The film’s darkest passage comes when Curry and Ruffo must slip back into the Simba occupied town to recover the lost diamonds. Cardiff masterfully gives us short, hellish glimpses of the torture, rape and murder in progress. Amazingly, our two heroes remain unphased by this nightmare, which includes one of their own men being gang raped. Their callousness reaches its apex during their escape, when they wantonly machine-gun attackers and victims alike.

These flawed characters are one of the film’s other strengths. Australian actor Rod Taylor is great as Curry, the weather-beaten soldier of fortune barely clinging to his humanity. Taylor was an underrated actor who, by 1968, was in the twilight of his leading man days. But that middle aged, “rode hard and put away wet,” countenance perfectly embodies Curry. Fun fact—Taylor was a virtual shoe in for the role of James Bond, but refused to read for the part. Ex-football star Jim Brown, (12,000 rushing yards!) would eventually reach stardom in blaxploitation films like Slaughter (1972) and Three the Hard Way (1974). But this earlier performance as Ruffo proves he was capable of much more. As usual his action scenes are great, but he truly shines in his quiet, reflective moments. Peter Carsten is chilling as the devious ex-Nazi, a character based on real life Wehrmacht officer, turned Congo mercenary, Siegfried Muller. Even Yvette Mimieux proves she possessed acting muscles nobody let her flex afterwards.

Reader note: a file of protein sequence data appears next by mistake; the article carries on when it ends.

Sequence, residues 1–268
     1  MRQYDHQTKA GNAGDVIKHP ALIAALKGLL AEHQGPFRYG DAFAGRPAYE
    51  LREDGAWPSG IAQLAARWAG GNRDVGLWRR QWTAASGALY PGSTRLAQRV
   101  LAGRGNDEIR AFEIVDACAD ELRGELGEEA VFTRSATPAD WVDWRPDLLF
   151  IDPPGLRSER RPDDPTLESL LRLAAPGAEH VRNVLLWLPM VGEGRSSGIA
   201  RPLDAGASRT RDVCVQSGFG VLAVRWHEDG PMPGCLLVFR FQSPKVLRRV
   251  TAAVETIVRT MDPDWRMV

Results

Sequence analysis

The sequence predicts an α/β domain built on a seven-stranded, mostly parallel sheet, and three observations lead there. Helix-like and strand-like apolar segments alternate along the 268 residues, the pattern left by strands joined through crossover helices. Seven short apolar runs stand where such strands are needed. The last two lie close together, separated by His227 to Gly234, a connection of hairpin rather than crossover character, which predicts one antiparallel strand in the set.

Dark of the Sun isn’t perfect—there are moments that could be deemed racially insensitive. Also, its ninety plus minutes of savagery and bleakness might be too intense for some viewers. But, after all that horror, there’s a glimpse of light at the end of the tunnel. Surprisingly, it comes from corporal Kataki (Bloke Modisane), a seemingly minor character, who, in a brief bit of dialogue proves there’s hope for the future of the Congo, and humanity.

Dark of the Sun also sported one of cinema’s all-time great movie posters, with artwork torn straight from the cover of a Men’s Adventure magazine. Fortunately, the movie actually lives up to the poster’s promise. And finally, if you ever want to read some genuine horror spend a few hours studying the Congo’s colonial history. You’ll never look at innocent, chocolate making Belgium the same way again.

The Congo is deep in the throes of the post-colonial Simba Rebellion. American mercenary Bruce Curry (Rod Taylor) is ordered to take a train load of Congolese soldiers to an isolated town before its overrun by the rebels. On paper he’s going there to rescue the citizens, but his real mission is to retrieve millions in diamonds before they fall into rebel hands. Along with his trusted aid Ruffo (Jim Brown) he’s forced to enlist Lt. Heinlein (Peter Carsten), an unrepentant ex-Nazi who still proudly wears his swastika. The rescue mission takes them through a hellscape of atrocities, firefights and human greed.